Media frenzy over Sarkozy’s election Conquest
by Fabien Lemercier
Accompanied by a media frenzy, two unusual French films will be screened out of competition at the 64th Cannes Film Festival (May 11-22, 2011), completing the panorama of titles by French directors in official selection (see news and news).
Xavier Durringer’s The Conquest [+see also:
film profile] retraces Nicolas Sarkozy’s electoral campaign for the 2007 French presidential elections in a drama centred on ambition, sacrifice and paranoia. It stars Denis Podalydès, Florence Pernel, Bernard Lecoq, Hippolyte Girardot and Samuel Labarthe, in the roles of Nicolas and Cécilia Sarkozy, Jacques Chirac, current Interior Minister Claude Guéant, and Dominique de Villepin, respectively.
Produced by Nicolas and Eric Altmayer for Mandarin Cinéma, the €6.42m film was pre-bought by Canal+ and CinéCinéma. It will be launched in theatres on May 18 (the day of its Cannes screening) by Gaumont, which is also handling international sales.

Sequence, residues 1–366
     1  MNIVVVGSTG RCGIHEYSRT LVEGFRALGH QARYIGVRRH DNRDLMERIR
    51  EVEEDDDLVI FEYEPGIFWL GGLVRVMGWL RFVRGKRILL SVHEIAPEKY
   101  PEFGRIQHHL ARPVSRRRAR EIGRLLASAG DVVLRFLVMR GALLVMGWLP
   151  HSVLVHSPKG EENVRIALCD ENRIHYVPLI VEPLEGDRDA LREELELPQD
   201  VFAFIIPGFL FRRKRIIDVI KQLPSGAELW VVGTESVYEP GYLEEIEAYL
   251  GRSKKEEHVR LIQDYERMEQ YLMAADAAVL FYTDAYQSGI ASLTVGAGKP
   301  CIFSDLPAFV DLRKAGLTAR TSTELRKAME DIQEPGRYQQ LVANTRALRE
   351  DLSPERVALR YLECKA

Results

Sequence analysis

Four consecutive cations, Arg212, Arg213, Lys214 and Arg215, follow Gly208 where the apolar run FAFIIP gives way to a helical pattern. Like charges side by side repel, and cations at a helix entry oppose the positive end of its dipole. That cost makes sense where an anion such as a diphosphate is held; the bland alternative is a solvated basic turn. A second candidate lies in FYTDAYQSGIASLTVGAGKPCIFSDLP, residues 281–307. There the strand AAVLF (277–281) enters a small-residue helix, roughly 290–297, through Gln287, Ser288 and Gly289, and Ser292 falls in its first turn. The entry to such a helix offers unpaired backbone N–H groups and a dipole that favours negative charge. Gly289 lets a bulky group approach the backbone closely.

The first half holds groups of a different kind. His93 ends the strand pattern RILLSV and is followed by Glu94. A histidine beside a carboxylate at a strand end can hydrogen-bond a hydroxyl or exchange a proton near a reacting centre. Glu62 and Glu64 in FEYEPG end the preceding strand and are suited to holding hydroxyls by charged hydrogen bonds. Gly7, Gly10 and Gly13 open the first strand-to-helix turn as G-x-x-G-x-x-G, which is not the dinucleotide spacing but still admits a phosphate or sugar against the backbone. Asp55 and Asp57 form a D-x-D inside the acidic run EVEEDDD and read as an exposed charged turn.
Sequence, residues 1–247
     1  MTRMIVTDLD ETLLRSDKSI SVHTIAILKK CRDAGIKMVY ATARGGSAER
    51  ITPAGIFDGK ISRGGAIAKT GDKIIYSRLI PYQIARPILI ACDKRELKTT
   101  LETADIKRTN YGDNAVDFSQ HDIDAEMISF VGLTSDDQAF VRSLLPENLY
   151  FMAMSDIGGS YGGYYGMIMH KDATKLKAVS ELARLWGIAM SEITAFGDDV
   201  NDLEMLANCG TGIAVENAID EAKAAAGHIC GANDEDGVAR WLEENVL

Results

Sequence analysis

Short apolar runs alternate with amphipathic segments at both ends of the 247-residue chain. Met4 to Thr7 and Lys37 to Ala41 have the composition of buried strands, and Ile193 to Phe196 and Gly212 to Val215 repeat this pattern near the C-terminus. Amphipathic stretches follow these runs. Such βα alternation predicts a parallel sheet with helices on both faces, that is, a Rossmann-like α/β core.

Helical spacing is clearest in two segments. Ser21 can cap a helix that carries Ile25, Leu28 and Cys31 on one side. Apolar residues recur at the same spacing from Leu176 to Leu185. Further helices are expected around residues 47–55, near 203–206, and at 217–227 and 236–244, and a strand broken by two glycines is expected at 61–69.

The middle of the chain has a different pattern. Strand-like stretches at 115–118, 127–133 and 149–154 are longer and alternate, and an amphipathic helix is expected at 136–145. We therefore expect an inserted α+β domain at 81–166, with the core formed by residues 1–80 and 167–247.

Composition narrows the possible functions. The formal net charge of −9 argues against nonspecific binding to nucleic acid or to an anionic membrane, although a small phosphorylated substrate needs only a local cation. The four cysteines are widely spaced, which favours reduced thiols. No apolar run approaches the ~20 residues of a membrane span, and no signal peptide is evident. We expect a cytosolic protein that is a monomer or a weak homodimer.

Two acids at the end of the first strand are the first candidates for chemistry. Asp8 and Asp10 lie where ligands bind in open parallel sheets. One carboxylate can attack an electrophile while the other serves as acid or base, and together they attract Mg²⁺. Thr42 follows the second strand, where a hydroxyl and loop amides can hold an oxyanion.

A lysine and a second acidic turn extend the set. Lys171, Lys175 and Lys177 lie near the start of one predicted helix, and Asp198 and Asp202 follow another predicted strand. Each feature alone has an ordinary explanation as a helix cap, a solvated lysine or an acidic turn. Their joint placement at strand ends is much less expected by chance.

A silent black-and-white film set in Hollywood between 1927 and 1931 marks the latest venture by Michel Hazanavicius and Jean Dujardin, the director and star of The Artist [+see also:
film profile] (see news), following their quirky hit comedies OSS 117: Cairo, Nest of Spies [+see also:
film profile] and OSS 117: Lost in Rio [+see also:
film profile]. The cast also includes Bérénice Béjo, John Goodman, James Cromwell and Penelope Ann Miller.
Produced by La Petite Reine and ARP Sélection (who will handle French theatrical distribution) for €13.47m, the film was co-produced by Studio 37 and France 3 Cinéma, and pre-bought by Canal + and Ciné Cinéma. International sales are being managed by Wild Bunch.
Finally, Cannes will show special screenings of the documentaries Le Maître des Forges de l’Enfer by Cambodian director Rithy Panh (CDP – Catherine Dussart Productions); Tous au Larzac by Christian Rouaud (€0.91m budget – produced by Elzevir Films with Arte France Cinéma, with an advance on receipts from the National Film and Moving Image Centre (CNC) and backing from the Ile-de-France region); and Michel Petrucciani by Brit director Michael Radford (€1.45m budget – produced by Les Films d'Ici with Germany and Italy, in co-production with Arte France Cinéma; sold by Wild Bunch).
(Translated from French)